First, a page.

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Effects of Alcohol on Motorcycle Riding Skills

Presentation by Janet Creaser, Research Fellow, HumanFIRST Program, University of Minnesota

September 24, 2009

Alcohol intoxication is a significant risk factor in fatal crashes for passenger cars and motorcycles. Field research has shown that run-off-road crashes and loss-of-control crashes for motorcycles increase at a blood alcohol level of 0.05 percent—which is below the U.S. legal drinking limit of 0.08 percent. At present, however, there is limited objective data on which motorcycle riding skills are impaired by alcohol.

At the September 24 Advanced Transportation Technologies seminar, HumanFIRST Program research fellow Janet Creaser presented findings of a 2006 study she and a U of M research team conducted for the National Highway Traffic Safety Administration. The study measured the effect of alcohol impairment at four blood alcohol content (BAC) levels at and below BAC 0.08 on the basic riding skills of motorcyclists on a controlled course. Questionnaires were used to assess riders’ awareness of their level of alcohol impairment and how that affected their decision-making.

Using a test motorcycle modified by the Intelligent Vehicles Laboratory, researchers ran motorcyclists with blood alcohol levels of 0.02, 0.05, and 0.08 through a test track based on training tasks from the Motorcycle Safety Foundation training courses. Riders were measured on their responses to four tests: control and maneuverability, hazard avoidance, curve negotiation, and emergency stops.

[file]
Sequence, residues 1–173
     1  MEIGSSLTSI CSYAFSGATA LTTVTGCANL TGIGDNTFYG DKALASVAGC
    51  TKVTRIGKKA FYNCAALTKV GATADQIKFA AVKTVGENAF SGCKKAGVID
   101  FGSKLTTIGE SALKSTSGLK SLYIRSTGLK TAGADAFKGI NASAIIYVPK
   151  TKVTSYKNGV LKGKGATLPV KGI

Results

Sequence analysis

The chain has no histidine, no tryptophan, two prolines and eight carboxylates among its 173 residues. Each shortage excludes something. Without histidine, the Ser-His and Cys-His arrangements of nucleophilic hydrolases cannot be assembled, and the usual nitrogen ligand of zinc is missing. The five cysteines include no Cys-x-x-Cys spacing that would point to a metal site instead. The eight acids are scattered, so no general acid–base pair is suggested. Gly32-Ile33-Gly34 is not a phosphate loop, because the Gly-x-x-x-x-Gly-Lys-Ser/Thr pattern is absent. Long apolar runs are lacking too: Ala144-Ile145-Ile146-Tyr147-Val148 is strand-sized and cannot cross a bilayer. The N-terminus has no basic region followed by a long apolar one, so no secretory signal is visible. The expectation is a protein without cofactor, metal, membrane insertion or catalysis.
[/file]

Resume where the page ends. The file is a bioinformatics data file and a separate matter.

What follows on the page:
Riders showed the greatest impairment on tasks with complex information, high time pressure, or tight space constraints, Creaser said. For example, in the hazard-avoidance test, drivers had to dodge an obstacle with a 1.5-second warning, a high time pressure. Impairment was seen at the BAC 0.08 and 0.05 levels for several measures, including response time to the hazard-avoidance task, speed maintenance during the curve circuit, and ability to stop in a straight line during the emergency stop.

Because the test track was designed with typical types of motorcycle crashes in mind such as running off the road, going off curves, and loss of control, Creaser said the results showing impairment in the test tasks are indicative of the types of crashes seen among motorcycle riders in the real world. The observed impairment in the test track study, where tasks were low-speed (less than 25 mph) and the environment highly controlled, would be magnified in the real world where motorcyclists are often driving at much higher speeds, she noted.

“If you have a detriment in response time due to alcohol, you travel a lot further at 50 mph than you do at 10 mph, which could be the difference between hitting an obstacle or getting out of the way,” she said.

A follow-up questionnaire had drivers assess how impaired they were and their willingness to drive in an impaired condition. The surveys found that drivers with BAC levels of 0.05 and 0.08 knew they were impaired and would be less likely to get on a bike. But focus group data from other studies has shown that in a real-world situation, external factors would likely influence their decisions to ride, Creaser said.

The study concluded that riders show impairment due to alcohol on certain skills at BAC levels of 0.05 and 0.08, and those results, combined with recent crash data, suggest that motorcyclists are potentially at an increased risk of a crash even below legal BAC levels.